Attorney General Karl A. Racine explains his legal action against groups such as the Proud Boys and the Oath Keepers for their role in the U.S. Capitol insurrection on Dec. 14 on the grounds of the U.S. Capitol. (Abdullah Konte/The Washington Informer)
Attorney General Karl A. Racine explains his legal action against groups such as the Proud Boys and the Oath Keepers for their role in the U.S. Capitol insurrection on Dec. 14 on the grounds of the U.S. Capitol. (Abdullah Konte/The Washington Informer)

On Tuesday, D.C. Attorney General Karl A. Racine announced a first-of-its-kind civil lawsuit against groups including The Proud Boys and Oath Keepers and 31 other individuals for their role in the U.S. Capitol insurrection that took place earlier this year.

“On Jan. 6, organized violent actors and groups assaulted our country’s freedom and terrorized our community here in the District, threatening our safety of the more than 700,000 Americans — including children, families, teachers and businesses — who call the District home,” Racine said at a news conference on the Capitol grounds. 

“We are filing this lawsuit to hold accountable the groups and individuals who conspired to attack our freedom, brutalize our law enforcement officers and terrorize our community,” he said. 

The lawsuit has been filed in the U.S. District Court of the District of Columbia. The attorney general plans to utilize the Ku Klux Klan Act of 1871, which allows people to be sued in civil court over civil rights violations. Specifically, the complaint based on the lawsuit said the Proud Boys and Oath Keepers and the 31 individuals charged caused extensive damage to the District and particularly to law enforcement officers who defended the Capitol and violated federal and District laws. 

The legal action seeks to recover damages the insurrectionists caused to the city, particularly the physical, mental and emotional injuries suffered by D.C. Metropolitan Police Department officers. Racine has received the pro bono outside counsel support of The States United Democracy Center, the Anti-Defamation League (ADL) and the law firms of Paul, Weiss, Rifkind, Wharton & Garrison LLP and Dechert LLP in this case.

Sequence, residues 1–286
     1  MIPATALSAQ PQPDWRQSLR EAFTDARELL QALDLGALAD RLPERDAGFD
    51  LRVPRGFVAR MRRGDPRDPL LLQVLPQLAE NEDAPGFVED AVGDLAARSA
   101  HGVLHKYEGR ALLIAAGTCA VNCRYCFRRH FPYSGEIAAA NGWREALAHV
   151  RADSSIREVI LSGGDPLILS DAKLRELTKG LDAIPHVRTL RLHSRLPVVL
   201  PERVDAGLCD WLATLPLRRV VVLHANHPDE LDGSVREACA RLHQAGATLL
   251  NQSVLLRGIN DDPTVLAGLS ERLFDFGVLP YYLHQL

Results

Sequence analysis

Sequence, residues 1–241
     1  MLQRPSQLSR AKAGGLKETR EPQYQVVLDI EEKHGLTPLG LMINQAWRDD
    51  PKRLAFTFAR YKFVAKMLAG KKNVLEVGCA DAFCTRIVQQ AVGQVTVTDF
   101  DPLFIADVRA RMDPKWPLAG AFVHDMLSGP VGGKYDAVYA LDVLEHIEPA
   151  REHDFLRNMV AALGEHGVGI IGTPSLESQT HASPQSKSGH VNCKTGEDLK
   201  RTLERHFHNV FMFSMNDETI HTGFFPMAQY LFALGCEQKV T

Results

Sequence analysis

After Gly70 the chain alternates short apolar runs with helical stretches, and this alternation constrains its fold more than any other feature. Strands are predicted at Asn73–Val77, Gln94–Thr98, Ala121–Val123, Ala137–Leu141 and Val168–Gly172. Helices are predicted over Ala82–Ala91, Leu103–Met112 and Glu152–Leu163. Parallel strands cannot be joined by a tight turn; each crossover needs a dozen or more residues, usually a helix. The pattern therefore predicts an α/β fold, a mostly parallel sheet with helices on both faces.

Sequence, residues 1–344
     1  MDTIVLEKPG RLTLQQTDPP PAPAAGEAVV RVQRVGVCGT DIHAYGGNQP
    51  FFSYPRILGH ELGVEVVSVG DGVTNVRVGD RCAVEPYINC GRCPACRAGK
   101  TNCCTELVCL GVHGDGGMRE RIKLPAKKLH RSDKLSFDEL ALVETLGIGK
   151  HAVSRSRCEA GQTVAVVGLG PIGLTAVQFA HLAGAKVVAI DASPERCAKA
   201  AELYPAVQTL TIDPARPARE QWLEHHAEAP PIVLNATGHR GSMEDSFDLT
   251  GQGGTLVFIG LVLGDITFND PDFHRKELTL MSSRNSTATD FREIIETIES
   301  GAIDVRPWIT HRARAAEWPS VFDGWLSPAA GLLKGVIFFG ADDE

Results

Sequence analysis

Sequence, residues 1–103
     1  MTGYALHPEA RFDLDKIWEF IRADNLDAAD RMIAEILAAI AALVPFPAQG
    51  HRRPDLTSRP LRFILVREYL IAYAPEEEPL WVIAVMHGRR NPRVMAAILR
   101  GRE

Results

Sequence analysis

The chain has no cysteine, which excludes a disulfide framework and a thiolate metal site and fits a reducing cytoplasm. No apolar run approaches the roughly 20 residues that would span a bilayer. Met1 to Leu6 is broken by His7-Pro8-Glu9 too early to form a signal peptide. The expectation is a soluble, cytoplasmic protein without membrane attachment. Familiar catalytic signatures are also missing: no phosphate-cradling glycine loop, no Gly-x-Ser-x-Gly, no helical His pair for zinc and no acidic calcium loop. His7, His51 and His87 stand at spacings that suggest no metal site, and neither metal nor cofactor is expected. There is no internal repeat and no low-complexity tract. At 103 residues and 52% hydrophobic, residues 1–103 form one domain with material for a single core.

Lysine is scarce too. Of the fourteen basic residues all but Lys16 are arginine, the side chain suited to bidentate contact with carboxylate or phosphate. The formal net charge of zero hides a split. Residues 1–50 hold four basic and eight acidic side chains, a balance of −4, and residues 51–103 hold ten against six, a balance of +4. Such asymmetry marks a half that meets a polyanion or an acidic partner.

Support Grows for Racine’s Lawsuit

D.C. Del. Eleanor Holmes Norton (D) said she appreciated Racine for initiating the lawsuit.

Congresswoman Eleanor Holmes Norton speaks about the legal action being taken by the District of Columbia against the Proud Boys and the Oath Keepers for their role in the U.S. Capitol insurrection on Dec. 14 on the grounds of the U.S. Capitol. (Abdullah Konte/The Washington Informer)

“In their work defending the Capitol on that day, D.C. and the Metropolitan Police, in particular, of course, incurred expenses,” said Norton, who joined Racine at the news conference. 

“I was able to secure a $9.1 million federal payment to the District in an emergency supplemental appropriations bill that was signed into law in July to compensate D.C. for the direct costs of responding to the attack. It is appropriate that the perpetrators of the attack compensate D.C. for the other costs D.C. incurred that day, including for medical treatment and paid leave, which are outside the scope of the funding I was able to secure for the District. From damage to police property to medical expenses related to the attack, the perpetrators, including the Proud Boys and Oath Keepers, must pay D.C,” she said. 

D.C. Council member Charles Allen (D-Ward 6) also supports Racine’s lawsuit, saying at the news conference that the attack on the Capitol had a nationwide impact but neighborhoods around the facility bear the brunt of the incident.

“The perpetrators intentionally created a situation that ultimately cost lives, endangered many more and profoundly impacted our national consciousness,” the council member said.

Allen told the Informer, during the time of the attack he received a number of texts from constituents who wanted to know the whereabouts of their loved ones and friends.

“Many people who work in that building are my constituents,” he said. “At one point, I had to tell a curious constituent who had gone over to the Capitol to see what was going on to go home, immediately.”

Jonathan A. Greenblatt, CEO and national director of the ADL, said his organization’s expertise in monitoring and helping to neutralize hate groups will be useful in Racine’s efforts.

“We have deep expertise when it comes to groups and individuals involved in the planning and execution of the Jan. 6 attack and are honored now to be putting that expertise at the service of the District of Columbia and the brave officers who were injured or killed as a result of that day,” Greenblatt said. “Domestic extremists, like the Proud Boys, Oath Keepers, and others, continue to present a serious, credible and dangerous threat to our democracy and to us all. Accountability for Jan. 6 is critically important to preventing another violent insurrection from happening in D.C. or in state capitols across the country.”

James Wright Jr.

James Wright Jr. is the D.C. political reporter for the Washington Informer Newspaper. He has worked for the Washington AFRO-American Newspaper as a reporter, city editor and freelance writer and The Washington...

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